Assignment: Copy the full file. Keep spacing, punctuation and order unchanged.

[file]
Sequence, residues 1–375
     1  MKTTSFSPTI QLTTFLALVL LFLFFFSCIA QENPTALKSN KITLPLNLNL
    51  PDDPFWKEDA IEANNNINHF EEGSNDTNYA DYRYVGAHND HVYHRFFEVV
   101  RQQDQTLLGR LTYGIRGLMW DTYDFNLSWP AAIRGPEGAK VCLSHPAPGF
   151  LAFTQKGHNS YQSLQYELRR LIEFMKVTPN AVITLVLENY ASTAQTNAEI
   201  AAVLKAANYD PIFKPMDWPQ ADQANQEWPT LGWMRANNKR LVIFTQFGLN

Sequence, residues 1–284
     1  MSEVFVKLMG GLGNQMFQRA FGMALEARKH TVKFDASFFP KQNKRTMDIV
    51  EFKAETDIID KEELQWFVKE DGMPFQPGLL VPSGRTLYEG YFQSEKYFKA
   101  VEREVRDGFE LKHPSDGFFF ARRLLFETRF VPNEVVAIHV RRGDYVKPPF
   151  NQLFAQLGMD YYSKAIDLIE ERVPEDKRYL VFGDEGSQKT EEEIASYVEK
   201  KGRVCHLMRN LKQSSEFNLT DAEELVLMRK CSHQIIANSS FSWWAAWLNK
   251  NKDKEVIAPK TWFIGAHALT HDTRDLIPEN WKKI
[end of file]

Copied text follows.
Sequence, residues 1–375
     1  MKTTSFSPTI QLTTFLALVL LFLFFFSCIA QENPTALKSN KITLPLNLNL
    51  PDDPFWKEDA IEANNNINHF EEGSNDTNYA DYRYVGAHND HVYHRFFEVV
   101  RQQDQTLLGR LTYGIRGLMW DTYDFNLSWP AAIRGPEGAK VCLSHPAPGF
   151  LAFTQKGHNS YQSLQYELRR LIEFMKVTPN AVITLVLENY ASTAQTNAEI
   201  AAVLKAANYD PIFKPMDWPQ ADQANQEWPT LGWMRANNKR LVIFTQFGLN

Sequence, residues 1–284
     1  MSEVFVKLMG GLGNQMFQRA FGMALEARKH TVKFDASFFP KQNKRTMDIV
    51  EFKAETDIID KEELQWFVKE DGMPFQPGLL VPSGRTLYEG YFQSEKYFKA
   101  VEREVRDGFE LKHPSDGFFF ARRLLFETRF VPNEVVAIHV RRGDYVKPPF
   151  NQLFAQLGMD YYSKAIDLIE ERVPEDKRYL VFGDEGSQKT EEEIASYVEK
   201  KGRVCHLMRN LKQSSEFNLT DAEELVLMRK CSHQIIANSS FSWWAAWLNK
   251  NKDKEVIAPK TWFIGAHALT HDTRDLIPEN WKKI